Dharma Pearls

Translating Classical Buddhism to Modern English

The Medium Discourses

Chapter 1: Sevens

4. The Water Parable

1. Thus I have heard:[1] One time, the Buddha traveled to the country of Śrāvastī and stayed at Anāthapiṇḍada’s Park in Jeta’s Grove.

2. It was then that the Bhagavān addressed the monks, “I will explain seven people in water for you. Listen closely, listen closely! Consider it well.”

The monks then accepted the teaching and listened.

3. The Buddha said, “What are the seven? Sometimes a person remains prostrate in the water.[2] Sometimes a person emerges from the water but goes back under. Sometimes a person emerges from the water and stands up. Sometimes a person emerges from the water, stands up, and looks around after standing up. Sometimes a person emerges from the water, stands up, looks around after standing up, and wades across after looking around. Sometimes a person emerges from the water, stands up, looks around after standing up, wades across after looking around, and reaches the other shore after wading across. Sometimes a person emerges from the water, stands up, looks around after standing up, wades across after looking around, reaches the other shore after wading across, and is called a person who stands on the shore after reaching the other shore.

4. “Thus, I will again explain the metaphors of these seven people in water. Listen closely, listen closely! Consider it well.” The monks then accepted the teaching and listened.

5. The Buddha said, “What are the seven? Sometimes a person remains prostrate. Another person goes back under after emerging. Another person stands up after emerging. Another person stands up after emerging, and they look around after standing up. Another person stands up after emerging, they look around after standing up, and they wade across [424b] after looking around. Another person stands up after emerging, they look around after standing up, they wade across after looking around, and they reach the other side after wading across. Another person stands up after emerging, they look around after standing up, they wade across after looking around, they reach the other side after wading across, and they’re called a priest standing the on shore after reaching the other shore.

6. “These are the metaphors of these seven people in water, which I’ve explained briefly. Do you know what they mean as they’ve been described and as they’ve been defined? How are they to be discerned? What causes and conditions do they have?”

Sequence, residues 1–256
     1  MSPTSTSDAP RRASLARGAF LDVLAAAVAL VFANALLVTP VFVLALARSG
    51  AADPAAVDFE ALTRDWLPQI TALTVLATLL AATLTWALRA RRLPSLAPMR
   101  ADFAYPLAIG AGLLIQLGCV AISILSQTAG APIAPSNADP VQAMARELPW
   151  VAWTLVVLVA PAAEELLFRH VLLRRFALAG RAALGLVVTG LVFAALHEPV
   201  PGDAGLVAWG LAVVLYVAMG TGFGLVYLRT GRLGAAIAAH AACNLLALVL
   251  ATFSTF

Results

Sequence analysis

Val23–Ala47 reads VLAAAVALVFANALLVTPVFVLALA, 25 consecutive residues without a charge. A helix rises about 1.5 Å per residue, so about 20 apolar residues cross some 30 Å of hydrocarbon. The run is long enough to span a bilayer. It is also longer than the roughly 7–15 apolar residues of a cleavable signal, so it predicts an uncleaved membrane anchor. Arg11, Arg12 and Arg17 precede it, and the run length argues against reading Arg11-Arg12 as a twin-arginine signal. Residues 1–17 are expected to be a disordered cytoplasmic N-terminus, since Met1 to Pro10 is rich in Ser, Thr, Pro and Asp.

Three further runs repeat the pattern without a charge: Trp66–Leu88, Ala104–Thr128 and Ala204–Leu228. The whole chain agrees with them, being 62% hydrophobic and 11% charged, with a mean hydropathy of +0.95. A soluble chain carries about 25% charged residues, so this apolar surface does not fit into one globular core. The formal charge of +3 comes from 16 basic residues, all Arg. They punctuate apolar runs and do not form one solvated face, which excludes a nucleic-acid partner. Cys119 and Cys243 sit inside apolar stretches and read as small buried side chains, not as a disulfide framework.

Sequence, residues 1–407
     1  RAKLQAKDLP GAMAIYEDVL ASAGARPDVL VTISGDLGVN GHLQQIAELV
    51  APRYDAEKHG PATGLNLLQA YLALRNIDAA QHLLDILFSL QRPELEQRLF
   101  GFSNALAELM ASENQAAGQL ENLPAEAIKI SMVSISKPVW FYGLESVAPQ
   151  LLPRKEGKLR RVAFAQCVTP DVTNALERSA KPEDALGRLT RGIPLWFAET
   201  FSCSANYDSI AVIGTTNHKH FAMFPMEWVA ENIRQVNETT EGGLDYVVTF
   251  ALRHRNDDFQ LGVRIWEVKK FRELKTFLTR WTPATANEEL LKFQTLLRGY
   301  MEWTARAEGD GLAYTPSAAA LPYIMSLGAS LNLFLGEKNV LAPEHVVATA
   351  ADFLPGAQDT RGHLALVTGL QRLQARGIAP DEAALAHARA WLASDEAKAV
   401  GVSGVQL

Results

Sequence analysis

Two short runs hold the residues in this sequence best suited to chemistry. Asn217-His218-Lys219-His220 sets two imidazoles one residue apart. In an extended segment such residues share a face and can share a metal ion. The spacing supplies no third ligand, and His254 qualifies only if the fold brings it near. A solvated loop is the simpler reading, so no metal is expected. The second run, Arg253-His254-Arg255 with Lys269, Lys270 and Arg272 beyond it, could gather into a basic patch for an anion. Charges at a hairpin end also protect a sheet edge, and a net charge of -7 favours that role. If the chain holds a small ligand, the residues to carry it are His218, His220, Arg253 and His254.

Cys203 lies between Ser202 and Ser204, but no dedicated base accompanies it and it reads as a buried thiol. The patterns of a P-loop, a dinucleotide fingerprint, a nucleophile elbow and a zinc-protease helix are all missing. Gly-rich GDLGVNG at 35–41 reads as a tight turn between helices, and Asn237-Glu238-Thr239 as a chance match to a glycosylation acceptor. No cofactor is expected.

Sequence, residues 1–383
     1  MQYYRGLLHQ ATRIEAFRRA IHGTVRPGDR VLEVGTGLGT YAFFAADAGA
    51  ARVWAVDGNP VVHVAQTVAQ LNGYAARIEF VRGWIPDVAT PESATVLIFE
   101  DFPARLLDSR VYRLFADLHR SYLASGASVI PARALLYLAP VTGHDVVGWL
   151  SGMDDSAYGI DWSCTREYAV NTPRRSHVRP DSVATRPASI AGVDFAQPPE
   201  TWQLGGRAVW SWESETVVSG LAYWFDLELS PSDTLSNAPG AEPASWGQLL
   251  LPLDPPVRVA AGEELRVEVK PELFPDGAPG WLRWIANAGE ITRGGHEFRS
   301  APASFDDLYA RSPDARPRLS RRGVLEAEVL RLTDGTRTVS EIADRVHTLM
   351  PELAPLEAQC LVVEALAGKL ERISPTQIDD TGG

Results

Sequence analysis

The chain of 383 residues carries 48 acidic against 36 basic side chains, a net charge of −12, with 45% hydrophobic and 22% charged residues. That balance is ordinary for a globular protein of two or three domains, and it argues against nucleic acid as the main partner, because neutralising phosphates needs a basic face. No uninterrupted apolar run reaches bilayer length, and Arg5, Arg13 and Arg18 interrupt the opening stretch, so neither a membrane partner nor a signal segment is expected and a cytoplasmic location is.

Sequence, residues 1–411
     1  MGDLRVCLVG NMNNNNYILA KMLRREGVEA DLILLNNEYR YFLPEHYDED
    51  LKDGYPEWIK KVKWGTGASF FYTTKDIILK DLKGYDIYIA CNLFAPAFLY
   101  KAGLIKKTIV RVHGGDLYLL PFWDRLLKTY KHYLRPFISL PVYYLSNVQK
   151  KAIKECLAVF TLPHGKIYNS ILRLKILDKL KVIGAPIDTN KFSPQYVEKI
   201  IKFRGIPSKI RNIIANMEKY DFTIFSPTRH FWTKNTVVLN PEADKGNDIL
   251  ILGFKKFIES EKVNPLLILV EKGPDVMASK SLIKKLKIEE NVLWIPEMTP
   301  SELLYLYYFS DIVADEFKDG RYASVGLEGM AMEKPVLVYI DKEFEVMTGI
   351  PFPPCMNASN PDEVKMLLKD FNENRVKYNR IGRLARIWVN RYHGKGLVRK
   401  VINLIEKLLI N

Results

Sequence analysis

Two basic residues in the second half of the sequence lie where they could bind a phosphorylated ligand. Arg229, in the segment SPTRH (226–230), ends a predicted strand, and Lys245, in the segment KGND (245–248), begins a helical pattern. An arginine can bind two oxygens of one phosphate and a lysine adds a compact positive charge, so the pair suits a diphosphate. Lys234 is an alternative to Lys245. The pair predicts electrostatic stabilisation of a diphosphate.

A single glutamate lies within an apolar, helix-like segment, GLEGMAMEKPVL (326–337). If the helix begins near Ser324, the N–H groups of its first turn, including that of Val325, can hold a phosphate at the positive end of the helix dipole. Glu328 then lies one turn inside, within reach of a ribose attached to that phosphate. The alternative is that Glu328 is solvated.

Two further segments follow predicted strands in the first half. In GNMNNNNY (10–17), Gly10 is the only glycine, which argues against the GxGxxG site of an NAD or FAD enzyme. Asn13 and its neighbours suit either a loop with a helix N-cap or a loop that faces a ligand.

7. The monks then said to the Bhagavān, “The Bhagavān is the source of the Dharma! The Bhagavān is the Dharma lord! The Dharma comes from the Bhagavān! Please let him teach it. After listening, we’ll get a detailed knowledge of its meaning.”

8. The Buddha then addressed them, “All of you, listen closely, and consider it well. I will discern their meaning for you.”

The monks then accepted the teaching and listened.

1. The Person Who Remains Prostrate

9. The Buddha said, “How does a person remain prostrate? It means a person is covered up by unskillful things. They are stained by defilements, which bring the results of bad states and create the basis of birth-and-death.

10. “This is called the person who remains prostrate. He’s like a person who’s submerged and remains prostrate in water. I say this person is likewise. This is called the first metaphor of the person in water. The world in truth does have such people.

2. The Person Who Goes Back Under

11. “How does a person go back under after emerging? It means a person has emerged and attained faith in the good Dharma. Observing precepts, generous, well-versed, and wise, they cultivate the good Dharma. At some point later, they lose their faith; it wasn’t resolute. They lose their observance of precepts, generosity, learning, and wisdom; they weren’t resolute.

12. “This is called the person who goes back under after emerging. They’re like a person who’s submerged in water and goes back under after emerging. I say this person is likewise. This is called the second metaphor of the person in water. The world in truth does have such people.

3. The Person Who Stands Up

13. “How does a person stand up after emerging? It means a person emerges and then attains faith in the good Dharma. Observing precepts, generous, well-versed, and wise, they cultivate the good Dharma. At some point later, their faith remains resolute; it isn’t lost. Their observance of precepts, generosity, learning, and wisdom are resolute; they aren’t lost.

14. “This is called the person who stands up after emerging. They’re like the person who’s submerged in water and stands up after emerging. I say this person is likewise. This is called the third metaphor of the person in water. The world in truth does have such people.

4. The Person Who Looks Around

15. “How does a person stand up after emerging and look around after standing? It means a person emerges and then attains faith in the good Dharma. Observing precepts, generous, well-versed, and wise, they cultivate the good Dharma. At some point later, their faith remains resolute; it isn’t lost. Their observance of precepts, generosity, learning, and wisdom are resolute; they aren’t lost.

16. “Abiding in the good Dharma, they truly know suffering. They truly know suffering’s formation, know suffering’s cessation, and know the path to the cessation of suffering. Knowing and seeing thus, they readily end the three bonds, which are belief in the individual, adherence to precepts, and doubt. Once these three bonds have ended, they become a stream entrant and don’t fall into bad states. They’re certainly destined for right awakening [424c] and will experience at most seven existences. After seven rebirths up in the heavens or here among humans, they will reach the end of suffering.